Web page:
The first objective was to create a database of photographs and documents that reflected the history of the Kinta Valley that would be available worldwide for students, researchers, authors, documentary makers, and would-be tourists to Perak. Today, that database at www.ipohworld.org contains more than 7000 entries showcasing over 14,000 photographs, plus postcards, historical documents and personal stories. Next came the interactive blog and naturally social media such as Facebook.
However, there was also a long-term desire to set up a permanent heritage centre for both education and tourists alike. Although this is still in the pipeline, as an interim, a number of short-term heritage exhibitions have been staged and these have become progressively more sophisticated and longer as the project gained experience.
First Permanent Exhibition
Han Chin Pet Soo is the first of these permanent exhibitions. Guests may visit the club and exhibition by appointment only via the ipohWorld website below and there are up to four appointments available per day from Tuesday to Sunday with a maximum number of 50 guests per appointment. Admission is free, but donations are welcome to help in the upkeep of this historic building.
This is a one-off chance to step back in time, visit the opium den, meet the gamblers and their dancing girls and experience a Kinta Valley tin mine. So, book now at: http://www.ipohworld.org/reservation/ (or scan the QR code in the print paper) to avoid disappointment.
Private Function: Unique Opportunity
There is also the unique opportunity to book the building as a movie set or for private functions like themed dinners, corporate events or wedding photography, etc. The size of the building forces a limitation on numbers for such events and the guidelines are a maximum of 20 pax for a buffet dinner and 8 to 14 pax for a sit-down dinner. The programme can include a guided tour of the exhibition, cocktails on the balcony (weather permitting) and dinner in the all-original club dining room. Enquiries for such events should be made directly to the Events Manager by telephone +60 (0)5 529 3306 or firstname.lastname@example.org.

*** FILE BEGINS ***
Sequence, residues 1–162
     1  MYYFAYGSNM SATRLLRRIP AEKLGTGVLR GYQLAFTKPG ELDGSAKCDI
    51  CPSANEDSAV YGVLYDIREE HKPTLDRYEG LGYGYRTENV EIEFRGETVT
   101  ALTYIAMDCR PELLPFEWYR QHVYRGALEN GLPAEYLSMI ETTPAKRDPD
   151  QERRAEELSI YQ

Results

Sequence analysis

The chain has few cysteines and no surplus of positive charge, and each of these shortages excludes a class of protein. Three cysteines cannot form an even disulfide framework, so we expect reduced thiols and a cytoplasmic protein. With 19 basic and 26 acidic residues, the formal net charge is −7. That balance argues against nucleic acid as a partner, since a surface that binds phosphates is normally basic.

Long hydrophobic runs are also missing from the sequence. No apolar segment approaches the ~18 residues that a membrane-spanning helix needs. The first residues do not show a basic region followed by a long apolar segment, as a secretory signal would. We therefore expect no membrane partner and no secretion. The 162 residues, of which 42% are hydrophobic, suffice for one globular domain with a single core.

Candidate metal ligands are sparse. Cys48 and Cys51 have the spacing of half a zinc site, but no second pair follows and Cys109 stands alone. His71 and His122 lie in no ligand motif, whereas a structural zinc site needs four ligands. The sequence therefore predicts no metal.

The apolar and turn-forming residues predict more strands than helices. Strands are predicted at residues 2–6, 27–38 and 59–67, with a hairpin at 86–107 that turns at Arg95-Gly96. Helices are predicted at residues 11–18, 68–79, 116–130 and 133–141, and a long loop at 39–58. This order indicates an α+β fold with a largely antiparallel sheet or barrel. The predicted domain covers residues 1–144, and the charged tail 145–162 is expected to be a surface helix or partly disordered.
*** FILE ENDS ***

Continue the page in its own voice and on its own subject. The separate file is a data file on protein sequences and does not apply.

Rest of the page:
Having successfully completed their first restoration project and flushed with success, the ipohWorld team has moved next door (to No. 1) for a second, more challenging restoration, sponsored by Hovid Berhad. This will lead to another new exhibition, the amazing story of how one man, Dr Ho Kai Cheong rented a single room at No.1 and formulated, packaged and sold, from his bicycle, a herbal tea, with the noble intention of helping people to good health. Today, that tea, Ho Yan Hor, is famous around the world. So do keep an eye on www.ipohworld.org for the details of how to visit this exhibition when complete. Details will also be published in the Ipoh Echo as soon as they are available.